As you have probably noticed I have some financial goals listed to the right in bar graph form. I thought i should explain what these goals are and why i have chosen these.

Emergency Fund

The first goal is an emergency fund. Due to a recent layoff (temporary) I have come to realize the importance of having an emergency fund. I have set a goal of $5,000, as this should provide for about 3 months of expenses should i ever lose my job. I hope to achieve this goal over the next 2-3 yrs. You can check out an earlier post about why you should set up and emergency fund.

Dividend Income

I have set a goal of $40,000 of dividend income. This is the amount of income i would like to be collecting from dividends when i retire. As you can see it is currently at $0, as i have been investing inside of an RRSP until just recently. I am changing my strategy to invest outside of an RRSP in companies that grow their dividend year after year. I hope to retire in about 20-25 yrs if all goes well.

Down Payment

The third goal is to have $10,000 for a down payment on a home. I am currently renting and want to get out of that rut so i am building my own net worth and not someone else's. I am well on my way to this goal and have about 75% saved thus far. I am trying to decide what to do with my tax refund and I may put it toward my down payment. We will see. I hope to achieve this goal in the next 6 months.

Bike Loan

I have a bike loan for a motorcycle I bought a couple of years ago. At this time i have no plans to pay off the loan early, as i want to concentrate on some of the other goals. For now i will be paying the monthly amount until the loan expires. As you can see i have about $8,000 left in the loan and it will be paid off in May 2011.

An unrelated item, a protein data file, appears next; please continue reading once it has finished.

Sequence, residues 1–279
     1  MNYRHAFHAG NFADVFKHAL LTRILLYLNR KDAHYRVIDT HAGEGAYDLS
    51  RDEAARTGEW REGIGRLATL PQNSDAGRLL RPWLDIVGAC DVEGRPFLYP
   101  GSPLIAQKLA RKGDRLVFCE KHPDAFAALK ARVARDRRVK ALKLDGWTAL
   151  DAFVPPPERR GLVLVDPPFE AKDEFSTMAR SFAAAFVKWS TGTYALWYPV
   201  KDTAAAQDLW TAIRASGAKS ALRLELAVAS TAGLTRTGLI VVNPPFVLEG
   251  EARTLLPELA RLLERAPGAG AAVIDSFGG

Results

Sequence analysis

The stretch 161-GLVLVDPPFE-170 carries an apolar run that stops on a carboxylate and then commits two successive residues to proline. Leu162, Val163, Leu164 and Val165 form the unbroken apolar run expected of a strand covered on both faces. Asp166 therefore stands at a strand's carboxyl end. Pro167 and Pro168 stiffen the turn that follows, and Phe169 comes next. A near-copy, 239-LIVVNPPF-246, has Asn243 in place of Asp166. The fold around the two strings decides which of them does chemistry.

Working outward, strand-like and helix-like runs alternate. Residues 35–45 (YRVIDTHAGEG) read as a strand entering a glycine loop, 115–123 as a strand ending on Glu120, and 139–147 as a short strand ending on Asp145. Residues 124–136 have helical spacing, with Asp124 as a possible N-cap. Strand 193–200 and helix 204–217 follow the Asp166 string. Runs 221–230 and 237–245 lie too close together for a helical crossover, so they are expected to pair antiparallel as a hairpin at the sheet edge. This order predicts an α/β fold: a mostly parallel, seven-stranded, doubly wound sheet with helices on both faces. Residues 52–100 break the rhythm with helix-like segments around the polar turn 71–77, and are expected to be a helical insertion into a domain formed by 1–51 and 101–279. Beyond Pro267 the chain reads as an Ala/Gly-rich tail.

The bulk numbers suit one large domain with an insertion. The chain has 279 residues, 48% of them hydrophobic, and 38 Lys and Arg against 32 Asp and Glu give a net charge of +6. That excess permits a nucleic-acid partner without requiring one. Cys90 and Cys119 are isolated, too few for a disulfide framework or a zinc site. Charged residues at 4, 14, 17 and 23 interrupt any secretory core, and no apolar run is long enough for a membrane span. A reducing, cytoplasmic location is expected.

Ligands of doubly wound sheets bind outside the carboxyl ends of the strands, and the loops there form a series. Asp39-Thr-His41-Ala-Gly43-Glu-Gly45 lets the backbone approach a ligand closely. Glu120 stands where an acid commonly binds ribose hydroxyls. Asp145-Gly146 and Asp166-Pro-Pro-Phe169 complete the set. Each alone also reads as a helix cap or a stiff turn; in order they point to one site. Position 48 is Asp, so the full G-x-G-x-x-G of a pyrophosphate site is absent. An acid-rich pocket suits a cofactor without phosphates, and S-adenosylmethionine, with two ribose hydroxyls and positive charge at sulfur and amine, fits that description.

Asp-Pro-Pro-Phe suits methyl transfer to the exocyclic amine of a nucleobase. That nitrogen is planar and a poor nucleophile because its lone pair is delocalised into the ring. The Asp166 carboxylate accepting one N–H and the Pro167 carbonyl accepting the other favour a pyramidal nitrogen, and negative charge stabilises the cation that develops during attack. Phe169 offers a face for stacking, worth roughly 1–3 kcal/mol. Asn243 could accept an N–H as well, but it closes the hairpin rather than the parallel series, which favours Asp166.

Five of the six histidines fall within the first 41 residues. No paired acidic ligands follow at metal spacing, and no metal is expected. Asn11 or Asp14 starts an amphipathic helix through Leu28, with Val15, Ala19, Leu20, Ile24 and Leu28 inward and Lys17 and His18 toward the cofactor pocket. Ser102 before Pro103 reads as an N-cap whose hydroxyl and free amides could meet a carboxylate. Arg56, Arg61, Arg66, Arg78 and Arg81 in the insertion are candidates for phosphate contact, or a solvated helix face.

Net Worth

The final goal is a net worth of $1,000,000. I pretty much just pulled this number out of the sky. It is not nearly important to me as the dividend income of $40,000/yr. However, I would still like to achieve this goal even though it will take quite a long time. I obviously have a long way to go on this one but hope to achieve it by the time i retire. You can learn how to calculate your net worth here.

These are my current financial goals. Hopefully they will inspire you to set your own!

What are your finacial goals?

Dividend Dollar Daily Round Up

The Round Up

Dividends4Life has listed his favorite 5 stocks.

The Simple Dollar has a visual guide for making your own laundry detergent. I think I might give this a try.

The Money Gardener shows his growing dividend income. A great looking chart.

Former Fed Chair vs Current Fed Chair. I'm siding with the former fed chairman.

This couple is in serious financial trouble unless they change their ways.

Sunday, April 13, 2008

World's Most Expensive Homes

I posted earlier about the Forbes 2008 billionaires list. Today we are going to look at the most expensive homes in the world. Why? Because everyone loves lists. Especially when it involves lots of money!

Can you imagine paying well over a $100 million for a home? I know I can't. The most expensive property? How about $165 million for a 75,000 sq/ft home in Beverly Hills. The US may be in a housing crisis, but there seems to be no such thing in the ultra high end of the market!

Be sure to check out the video tour of the worlds most expensive home, it is impressive. You can read all about your dream home at the Forbes website. There is a great picture gallery too.

*photo credit

Thursday, April 10, 2008

Income Tax Refund

I just got my income tax refund back the other day. Certainly when one receives money back, there is always the temptation to spend it on something we want. I am no exception and my first thought was, new computer or a plasma tv! I am going to resist temptation though and put the money towards one of my financial goals. I haven't decided yet, but it will probably be the home down payment or the emergency fund. If you are tempted to spend your refund, stop and ask yourself if you really need that item. More than likely you don't! Instead, spend it on a good dividend paying company that constantly increases the dividend. You will thank yourself later!

Wednesday, April 9, 2008

Dividend Dollar Daily Round Up

The Round Up

Desjardin Group says Canada should scrap the penny, nickel, and $5 bill.

The Money Gardener points out that Procter & Gamble has raised their dividend by 14%.

The Dividend Guy has an analysis of Potash Corp. Is there any better ticker than Potash, POT?

Tuesday, April 8, 2008